Nigeria’s Gross Domestic Product (GDP) in real terms declined by 6.10% (year-on-year) in Q2 2020, thereby ending the 3-year trend of low but positive real growth rates recorded since the 2016/17 recession.
This is according to the second quarter (Q2) GDP report, released by the National Bureau of Statistics (NBS) on Monday.
According to the numbers contained in the GDP report, the performance recorded in Q2 2020 represents a drop of 8.22% points when compared to Q2 2019 (2.12%), and 7.97% points decline when compared to Q1 2020 (1.87%). Apparently, the significant drop reflects the negative impacts of the disruption caused by COVID-19 pandemic and crash in oil price on the Nigerian economy.
Nigeria’s Oil sector nosedives
The latest GDP number shows that Nigeria’s biggest revenue earner, oil sector, recorded 6.63% (year-on-year) contraction in Q2 2020, indicating a decrease of –13.80% points relative to the rate recorded in the corresponding quarter of 2019.
- Quarter-on-Quarter, the oil sector recorded a growth rate of –10.82% in Q2 2020.
- The Oil sector contributed a meagre 8.93% to total real GDP in Q2 2020, down from figures recorded in the corresponding period of 2019 (8.98%) and the preceding quarter (9.50%)
- In the second quarter of 2020, an average daily oil production of 1.81 million barrels per day (mbpd) was recorded. This was -0.21mbpd lower than the daily average production of 2.02mbpd recorded in the same quarter of 2019, and –0.26mbpd lower than the first quarter 2020 production volume of 2.07mbpd
Non-Oil Sector shrinks, as accommodation, construction, others contract
The non-oil sector declined by –6.05% in real terms during the reference quarter (Q2 2020). It was the first decline in real non-oil GDP growth rate since Q3 2017.
- According to the report, non-oil sector grew at –7.70% points lower compared to the rate recorded during the same quarter of 2019, and –7.60% points compared to the first quarter of 2020.
- Sectors which recorded the highest negative growth in Q2 2020 include Transport and Storage, Accommodation and Food Services, Construction, Education, Real estate and Trade among others.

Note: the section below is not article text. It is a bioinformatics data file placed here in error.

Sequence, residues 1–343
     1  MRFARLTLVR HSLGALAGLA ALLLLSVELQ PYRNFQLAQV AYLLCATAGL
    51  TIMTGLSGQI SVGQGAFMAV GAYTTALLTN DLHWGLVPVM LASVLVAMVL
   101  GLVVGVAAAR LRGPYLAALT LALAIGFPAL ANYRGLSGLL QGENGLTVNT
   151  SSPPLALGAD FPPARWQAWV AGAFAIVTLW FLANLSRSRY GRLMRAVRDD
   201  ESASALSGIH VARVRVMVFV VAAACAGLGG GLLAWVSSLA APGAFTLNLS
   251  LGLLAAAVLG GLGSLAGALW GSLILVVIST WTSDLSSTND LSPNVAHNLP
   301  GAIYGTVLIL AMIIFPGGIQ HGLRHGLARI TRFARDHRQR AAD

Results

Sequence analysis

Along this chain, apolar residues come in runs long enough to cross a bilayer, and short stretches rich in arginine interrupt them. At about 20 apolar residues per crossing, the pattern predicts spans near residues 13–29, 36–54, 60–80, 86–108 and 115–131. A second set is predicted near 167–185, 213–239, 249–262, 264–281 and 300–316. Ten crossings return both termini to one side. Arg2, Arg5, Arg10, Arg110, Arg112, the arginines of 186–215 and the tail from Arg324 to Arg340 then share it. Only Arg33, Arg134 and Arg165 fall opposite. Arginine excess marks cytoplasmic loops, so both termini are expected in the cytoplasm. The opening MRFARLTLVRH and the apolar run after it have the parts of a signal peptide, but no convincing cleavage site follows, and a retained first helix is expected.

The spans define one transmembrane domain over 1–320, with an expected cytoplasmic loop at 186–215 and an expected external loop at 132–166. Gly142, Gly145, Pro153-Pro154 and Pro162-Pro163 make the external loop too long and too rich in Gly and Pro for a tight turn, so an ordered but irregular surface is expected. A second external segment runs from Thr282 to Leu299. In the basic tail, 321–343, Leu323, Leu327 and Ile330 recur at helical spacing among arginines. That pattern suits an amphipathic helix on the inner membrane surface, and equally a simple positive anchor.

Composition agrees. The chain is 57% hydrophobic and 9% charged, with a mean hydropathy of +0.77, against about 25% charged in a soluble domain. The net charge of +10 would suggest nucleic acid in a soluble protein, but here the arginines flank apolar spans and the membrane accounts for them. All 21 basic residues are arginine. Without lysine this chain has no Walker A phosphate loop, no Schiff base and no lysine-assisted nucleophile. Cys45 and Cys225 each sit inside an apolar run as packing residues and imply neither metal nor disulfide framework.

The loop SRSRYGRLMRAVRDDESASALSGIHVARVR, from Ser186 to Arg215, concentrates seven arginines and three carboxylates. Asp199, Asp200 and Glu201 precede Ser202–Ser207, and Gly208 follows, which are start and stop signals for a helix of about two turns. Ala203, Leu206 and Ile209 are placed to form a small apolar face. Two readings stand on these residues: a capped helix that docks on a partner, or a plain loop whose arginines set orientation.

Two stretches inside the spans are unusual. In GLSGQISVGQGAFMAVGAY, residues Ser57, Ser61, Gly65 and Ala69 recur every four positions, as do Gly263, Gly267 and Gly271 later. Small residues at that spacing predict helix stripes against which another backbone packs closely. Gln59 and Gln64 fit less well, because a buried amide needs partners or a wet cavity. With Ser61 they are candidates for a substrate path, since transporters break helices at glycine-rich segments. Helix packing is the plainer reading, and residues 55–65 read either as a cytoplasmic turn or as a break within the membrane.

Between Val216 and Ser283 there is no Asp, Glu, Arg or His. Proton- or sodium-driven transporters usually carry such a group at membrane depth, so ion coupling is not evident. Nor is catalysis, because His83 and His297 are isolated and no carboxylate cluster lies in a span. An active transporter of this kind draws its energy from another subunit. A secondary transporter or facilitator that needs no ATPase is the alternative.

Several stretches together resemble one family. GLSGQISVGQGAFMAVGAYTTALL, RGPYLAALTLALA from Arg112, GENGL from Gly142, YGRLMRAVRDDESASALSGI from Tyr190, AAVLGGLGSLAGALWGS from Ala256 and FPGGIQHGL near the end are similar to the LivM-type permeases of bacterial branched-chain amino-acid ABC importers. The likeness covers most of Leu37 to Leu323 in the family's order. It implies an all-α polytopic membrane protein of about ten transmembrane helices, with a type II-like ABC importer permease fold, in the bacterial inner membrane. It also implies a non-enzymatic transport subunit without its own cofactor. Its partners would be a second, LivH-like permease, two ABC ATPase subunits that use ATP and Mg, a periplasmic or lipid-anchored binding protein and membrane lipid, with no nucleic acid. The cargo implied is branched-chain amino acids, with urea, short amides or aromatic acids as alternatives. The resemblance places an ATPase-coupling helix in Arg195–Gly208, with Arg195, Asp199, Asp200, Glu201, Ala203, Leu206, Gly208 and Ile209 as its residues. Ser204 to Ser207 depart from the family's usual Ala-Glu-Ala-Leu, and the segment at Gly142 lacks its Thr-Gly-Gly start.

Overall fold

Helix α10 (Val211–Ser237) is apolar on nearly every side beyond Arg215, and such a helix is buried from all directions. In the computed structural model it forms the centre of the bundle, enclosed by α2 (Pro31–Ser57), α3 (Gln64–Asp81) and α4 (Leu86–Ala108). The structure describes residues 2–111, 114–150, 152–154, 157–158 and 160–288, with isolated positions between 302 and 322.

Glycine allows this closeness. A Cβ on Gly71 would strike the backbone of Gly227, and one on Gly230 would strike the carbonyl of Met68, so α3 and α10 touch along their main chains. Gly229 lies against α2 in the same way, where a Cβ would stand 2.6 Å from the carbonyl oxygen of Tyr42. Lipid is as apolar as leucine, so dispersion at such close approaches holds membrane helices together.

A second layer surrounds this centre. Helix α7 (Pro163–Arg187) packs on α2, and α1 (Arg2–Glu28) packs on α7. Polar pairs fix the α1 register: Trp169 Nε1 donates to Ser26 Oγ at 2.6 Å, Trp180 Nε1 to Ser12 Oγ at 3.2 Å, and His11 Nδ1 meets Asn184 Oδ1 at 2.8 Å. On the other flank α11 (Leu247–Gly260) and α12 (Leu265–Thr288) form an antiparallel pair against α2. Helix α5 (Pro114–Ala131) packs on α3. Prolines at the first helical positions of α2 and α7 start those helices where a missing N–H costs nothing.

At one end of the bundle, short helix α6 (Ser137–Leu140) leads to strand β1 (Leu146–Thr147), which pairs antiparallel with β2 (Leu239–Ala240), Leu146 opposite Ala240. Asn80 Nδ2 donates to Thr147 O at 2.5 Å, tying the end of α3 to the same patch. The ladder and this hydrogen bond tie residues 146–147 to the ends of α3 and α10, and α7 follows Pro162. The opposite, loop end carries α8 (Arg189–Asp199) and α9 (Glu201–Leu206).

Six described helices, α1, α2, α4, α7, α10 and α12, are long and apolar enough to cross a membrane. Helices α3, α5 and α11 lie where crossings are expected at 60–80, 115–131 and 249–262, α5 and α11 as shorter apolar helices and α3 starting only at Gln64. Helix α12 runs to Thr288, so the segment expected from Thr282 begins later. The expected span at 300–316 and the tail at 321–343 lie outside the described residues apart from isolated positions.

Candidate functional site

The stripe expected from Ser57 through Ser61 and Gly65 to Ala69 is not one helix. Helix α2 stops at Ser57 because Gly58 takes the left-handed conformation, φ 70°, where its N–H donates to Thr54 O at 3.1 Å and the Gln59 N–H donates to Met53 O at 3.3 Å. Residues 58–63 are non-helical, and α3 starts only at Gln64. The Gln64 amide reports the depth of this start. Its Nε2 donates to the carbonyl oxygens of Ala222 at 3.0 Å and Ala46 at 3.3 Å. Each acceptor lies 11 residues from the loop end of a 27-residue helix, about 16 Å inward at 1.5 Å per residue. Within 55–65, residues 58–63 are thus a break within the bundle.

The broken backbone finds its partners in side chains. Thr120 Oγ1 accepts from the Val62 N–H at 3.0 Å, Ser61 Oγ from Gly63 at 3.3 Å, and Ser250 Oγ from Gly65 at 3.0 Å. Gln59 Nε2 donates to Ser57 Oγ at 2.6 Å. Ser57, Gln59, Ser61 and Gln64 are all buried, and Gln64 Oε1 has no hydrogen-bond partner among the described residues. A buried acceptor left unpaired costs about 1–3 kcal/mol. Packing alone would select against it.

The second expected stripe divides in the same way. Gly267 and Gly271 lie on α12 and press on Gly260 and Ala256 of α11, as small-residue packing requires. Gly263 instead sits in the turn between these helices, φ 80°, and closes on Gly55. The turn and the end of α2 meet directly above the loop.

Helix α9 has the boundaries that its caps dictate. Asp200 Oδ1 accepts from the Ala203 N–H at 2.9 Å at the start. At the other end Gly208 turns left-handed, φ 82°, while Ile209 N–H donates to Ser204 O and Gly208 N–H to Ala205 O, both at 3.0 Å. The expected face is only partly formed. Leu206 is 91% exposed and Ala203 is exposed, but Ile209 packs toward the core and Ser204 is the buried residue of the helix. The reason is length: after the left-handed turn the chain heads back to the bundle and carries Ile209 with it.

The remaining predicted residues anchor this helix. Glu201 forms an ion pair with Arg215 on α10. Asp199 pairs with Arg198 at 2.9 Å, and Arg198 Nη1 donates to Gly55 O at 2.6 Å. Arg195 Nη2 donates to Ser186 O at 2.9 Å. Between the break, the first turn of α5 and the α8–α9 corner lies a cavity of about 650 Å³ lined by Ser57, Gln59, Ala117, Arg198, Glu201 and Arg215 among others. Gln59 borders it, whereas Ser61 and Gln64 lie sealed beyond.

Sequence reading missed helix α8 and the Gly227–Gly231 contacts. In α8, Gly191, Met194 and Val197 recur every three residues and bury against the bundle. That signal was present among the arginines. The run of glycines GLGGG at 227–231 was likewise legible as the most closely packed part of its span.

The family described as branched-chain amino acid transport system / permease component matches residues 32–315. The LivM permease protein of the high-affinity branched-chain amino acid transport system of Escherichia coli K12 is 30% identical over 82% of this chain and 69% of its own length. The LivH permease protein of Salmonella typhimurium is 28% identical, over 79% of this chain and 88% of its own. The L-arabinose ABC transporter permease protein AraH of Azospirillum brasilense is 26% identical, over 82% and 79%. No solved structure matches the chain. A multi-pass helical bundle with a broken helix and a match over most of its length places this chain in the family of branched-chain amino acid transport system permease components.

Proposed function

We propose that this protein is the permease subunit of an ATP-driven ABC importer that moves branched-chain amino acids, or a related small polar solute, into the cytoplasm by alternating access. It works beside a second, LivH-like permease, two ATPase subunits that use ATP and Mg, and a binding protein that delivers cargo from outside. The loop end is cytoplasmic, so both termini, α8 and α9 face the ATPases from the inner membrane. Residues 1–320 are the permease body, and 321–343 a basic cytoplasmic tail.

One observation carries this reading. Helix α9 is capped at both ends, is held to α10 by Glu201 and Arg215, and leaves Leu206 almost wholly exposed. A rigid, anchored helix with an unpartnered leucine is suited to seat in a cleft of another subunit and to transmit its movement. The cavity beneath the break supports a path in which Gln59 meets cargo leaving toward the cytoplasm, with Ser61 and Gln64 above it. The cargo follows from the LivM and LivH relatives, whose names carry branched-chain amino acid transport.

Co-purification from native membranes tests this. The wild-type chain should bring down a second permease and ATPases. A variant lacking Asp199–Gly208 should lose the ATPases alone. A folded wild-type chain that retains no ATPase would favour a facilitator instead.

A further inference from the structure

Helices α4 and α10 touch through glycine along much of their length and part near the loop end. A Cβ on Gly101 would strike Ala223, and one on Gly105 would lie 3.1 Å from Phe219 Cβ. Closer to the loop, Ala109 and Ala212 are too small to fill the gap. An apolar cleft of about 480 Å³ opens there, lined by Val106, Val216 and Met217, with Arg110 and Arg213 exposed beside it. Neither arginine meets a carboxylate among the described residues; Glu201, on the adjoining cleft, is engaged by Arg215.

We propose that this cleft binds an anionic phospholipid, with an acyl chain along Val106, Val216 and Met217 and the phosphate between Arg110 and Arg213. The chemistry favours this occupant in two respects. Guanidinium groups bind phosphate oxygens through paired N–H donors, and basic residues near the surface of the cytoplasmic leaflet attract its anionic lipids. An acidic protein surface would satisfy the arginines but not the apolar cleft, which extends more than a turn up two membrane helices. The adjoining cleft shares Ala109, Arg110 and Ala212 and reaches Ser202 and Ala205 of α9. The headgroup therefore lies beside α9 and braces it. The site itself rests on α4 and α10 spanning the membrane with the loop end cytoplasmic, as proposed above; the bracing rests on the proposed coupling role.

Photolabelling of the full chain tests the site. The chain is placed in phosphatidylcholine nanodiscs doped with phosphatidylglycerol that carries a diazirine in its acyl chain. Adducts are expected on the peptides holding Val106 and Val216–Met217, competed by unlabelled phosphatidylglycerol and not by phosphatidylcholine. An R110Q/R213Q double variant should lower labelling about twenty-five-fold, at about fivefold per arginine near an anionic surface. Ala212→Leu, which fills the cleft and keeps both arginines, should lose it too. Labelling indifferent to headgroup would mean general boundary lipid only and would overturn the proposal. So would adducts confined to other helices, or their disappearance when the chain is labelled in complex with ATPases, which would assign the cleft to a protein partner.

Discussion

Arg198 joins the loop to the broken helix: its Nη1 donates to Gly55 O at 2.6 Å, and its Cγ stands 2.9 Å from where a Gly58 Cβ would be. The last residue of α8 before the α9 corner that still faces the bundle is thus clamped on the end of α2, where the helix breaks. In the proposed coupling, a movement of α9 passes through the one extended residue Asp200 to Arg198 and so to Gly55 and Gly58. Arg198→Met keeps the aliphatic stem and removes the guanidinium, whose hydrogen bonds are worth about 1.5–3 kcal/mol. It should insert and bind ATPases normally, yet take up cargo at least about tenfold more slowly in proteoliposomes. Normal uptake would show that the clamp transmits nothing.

- In real terms, the Non-Oil sector accounted for 91.07% of aggregate GDP in the second quarter of 2020, slightly higher than the share recorded in the second quarter of 2019 (91.02%) as well as the first quarter of 2020 (90.50%).
- Nevertheless, growth in non-oil sector output was driven by Financial and Insurance (Financial Institutions), Information and Communication (Telecommunications), Agriculture (Crop Production), and Public Administration, moderating the economy-wide decline.
The Bottom line: Nigeria’s economy may enter worst recession in 4-decade
GDP is Nigeria’s biggest economic data and it measures the monetary value of everything produced in the country. It depicts the nation’s total economic activity. A decline in GDP means major economic activities are slow or sluggish, which may be a result of several factors.
The latest GDP number somewhat surpassed both the IMF and World bank forecast for year 2020, which implies the nation’s economy may witness yet the biggest contraction in four decade. The International Monetary Fund (IMF) disclosed in its June outlook that the Nigerian economy would witness a deeper contraction of 5.4% as against the 3.4% it projected in April 2020.
According to the NBS, the 6.10% decline in GDP was largely attributable to significantly lower levels of both domestic and international economic activity during the quarter, which resulted from nationwide shutdown efforts aimed at containing the COVID-19 pandemic.
The recent labour statistics report released showed that unemployment rate in Nigeria rose to 27.1% at the end of Q2 2020, as the impact Covid-19 pandemic is significantly being felt across critical sectors. While Nigeria has embarked on gradual easing of lockdown since Q2 2020 with a N2.3 trillion stimulus intervention, economic activities are yet fully peak, indicating a muted outlook in the remaining quarters of the year
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